U.S. Sen. Saxby Chambliss this afternoon declared himself opposed to any change in the “don’t ask, don’t tell” policy that permits gays to serve in the military – but not openly.
The occasion was a testimony to the Senate Armed Services Committee by Defense Secretary Robert Gates and Joint Chief of Staff Chairman Mike Mullen.
Mullen said it was his opinion that lifting the restriction would be “the right thing to do.”
Chambliss holds the U.S. Senate seat once occupied by Sam Nunn, who helped forge the “don’t ask, don’t tell” policy in the 1990s under President Bill Clinton. In 2008, Nunn said he thought it was time the policy was reexamined.
The dichotomy of Chambliss’ position was on display. On one hand, Georgia’s senior senator acknowledged the service of gays and lesbians, and predicted that they would complete future service “valiantly.”
On the other hand, Chambliss said “the presence” in the military of those “who demonstrate a propensity or intent to engage in homosexual acts” would create an unacceptable risk in the military.
Chambliss’ statement begins at the 51:50 mark in the C-SPAN clip below:
Here’s precisely what Chambliss said:
Just as was stated by my friend Senator Udall, I think the live-and-let-live policy is not a bad policy to adhere to, and that’s what we have in place in the military with “don’t ask, don’t tell” right now.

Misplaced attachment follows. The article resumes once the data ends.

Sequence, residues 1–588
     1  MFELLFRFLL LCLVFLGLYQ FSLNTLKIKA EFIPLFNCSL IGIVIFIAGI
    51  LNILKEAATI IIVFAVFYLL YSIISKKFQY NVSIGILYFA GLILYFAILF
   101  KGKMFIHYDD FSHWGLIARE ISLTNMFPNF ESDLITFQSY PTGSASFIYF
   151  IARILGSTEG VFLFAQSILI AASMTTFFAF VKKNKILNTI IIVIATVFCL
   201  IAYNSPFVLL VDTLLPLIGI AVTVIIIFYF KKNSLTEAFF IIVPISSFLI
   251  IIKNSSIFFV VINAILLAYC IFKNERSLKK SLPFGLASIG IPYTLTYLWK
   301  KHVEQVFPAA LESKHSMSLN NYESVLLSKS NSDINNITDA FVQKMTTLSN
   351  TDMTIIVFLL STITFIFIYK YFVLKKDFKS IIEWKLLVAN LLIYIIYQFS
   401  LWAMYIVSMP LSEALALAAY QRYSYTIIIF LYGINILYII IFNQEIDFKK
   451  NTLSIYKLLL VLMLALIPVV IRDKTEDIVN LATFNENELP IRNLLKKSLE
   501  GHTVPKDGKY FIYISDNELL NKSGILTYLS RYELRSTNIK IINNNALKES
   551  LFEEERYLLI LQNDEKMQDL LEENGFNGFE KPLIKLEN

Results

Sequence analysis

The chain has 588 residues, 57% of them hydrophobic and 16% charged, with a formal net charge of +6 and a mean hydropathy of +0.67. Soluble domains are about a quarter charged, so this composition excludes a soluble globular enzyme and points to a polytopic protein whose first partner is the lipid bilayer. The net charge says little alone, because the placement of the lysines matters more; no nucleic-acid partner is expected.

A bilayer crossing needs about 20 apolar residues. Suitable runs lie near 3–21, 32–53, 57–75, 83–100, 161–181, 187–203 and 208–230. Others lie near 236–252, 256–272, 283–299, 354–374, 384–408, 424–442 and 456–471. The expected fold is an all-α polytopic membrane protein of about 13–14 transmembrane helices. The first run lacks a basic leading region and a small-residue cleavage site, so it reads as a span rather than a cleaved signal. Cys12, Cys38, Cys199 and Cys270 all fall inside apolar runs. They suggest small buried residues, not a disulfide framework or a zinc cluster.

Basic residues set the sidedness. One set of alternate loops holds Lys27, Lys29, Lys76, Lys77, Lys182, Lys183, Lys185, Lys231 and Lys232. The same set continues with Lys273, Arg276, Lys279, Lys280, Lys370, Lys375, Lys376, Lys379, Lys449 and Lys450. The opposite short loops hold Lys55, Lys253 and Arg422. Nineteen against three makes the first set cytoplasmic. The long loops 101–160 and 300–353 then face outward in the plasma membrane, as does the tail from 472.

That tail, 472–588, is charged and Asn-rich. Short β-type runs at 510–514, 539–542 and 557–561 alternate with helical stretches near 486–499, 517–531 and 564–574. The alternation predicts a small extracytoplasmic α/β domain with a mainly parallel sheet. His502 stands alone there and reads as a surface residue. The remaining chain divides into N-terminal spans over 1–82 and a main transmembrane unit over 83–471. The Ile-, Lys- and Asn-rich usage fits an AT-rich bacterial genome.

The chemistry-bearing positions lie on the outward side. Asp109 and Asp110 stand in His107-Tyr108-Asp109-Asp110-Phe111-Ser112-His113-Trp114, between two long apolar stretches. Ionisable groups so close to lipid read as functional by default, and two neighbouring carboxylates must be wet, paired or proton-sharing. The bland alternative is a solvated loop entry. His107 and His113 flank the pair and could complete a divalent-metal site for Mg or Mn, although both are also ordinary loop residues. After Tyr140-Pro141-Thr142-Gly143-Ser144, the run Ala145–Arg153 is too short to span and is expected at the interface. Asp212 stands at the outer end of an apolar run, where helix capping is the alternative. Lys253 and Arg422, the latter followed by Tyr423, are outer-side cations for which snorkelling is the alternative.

To you, Secretary Gates and Admiral Mullen, you’re in a tough spot. We understand that. This is an extremely sensitive issue and everybody on this committee I’m satisfied is sensitive to this issue, both inside and outside the military.
In the military, it presents an entirely different problem than it does in civilian life, because there is no constitutional right to serve in our armed forces. Today we know we have gay and lesbian soldiers serving. They’ve served in the past. They’re going to serve in the future, and they’re going to serve in a very valiant way.
But the primary purpose of the armed forces is to prepare for and prevail in combat should the need arise. Military life is fundamentally different from civilian life, and military society is characterized by its own laws, rules, customs and traditions – including restrictions on personal behavior that would not be acceptable in civilian society.
Examples include alcohol use, adultery, fraternization and body art. If we change this rule of “don’t ask, don’t tell,” what are we going to do with these other issues?
The armed forces must maintain personnel policies that excludes persons whose presence in the armed forces would create an unacceptable risk to the armed forces high standards, the morale, good order and discipline, and unit cohesion.
In my opinion, the presence in the armed forces of persons who demonstrate a propensity or intent to engage in homosexual acts would very likely create an unacceptable risk to those high standards of morale, good order and discipline, and effective unit cohesion and effectiveness. I’m opposed to this change, and I look forward to a very spirited debate on this issue….
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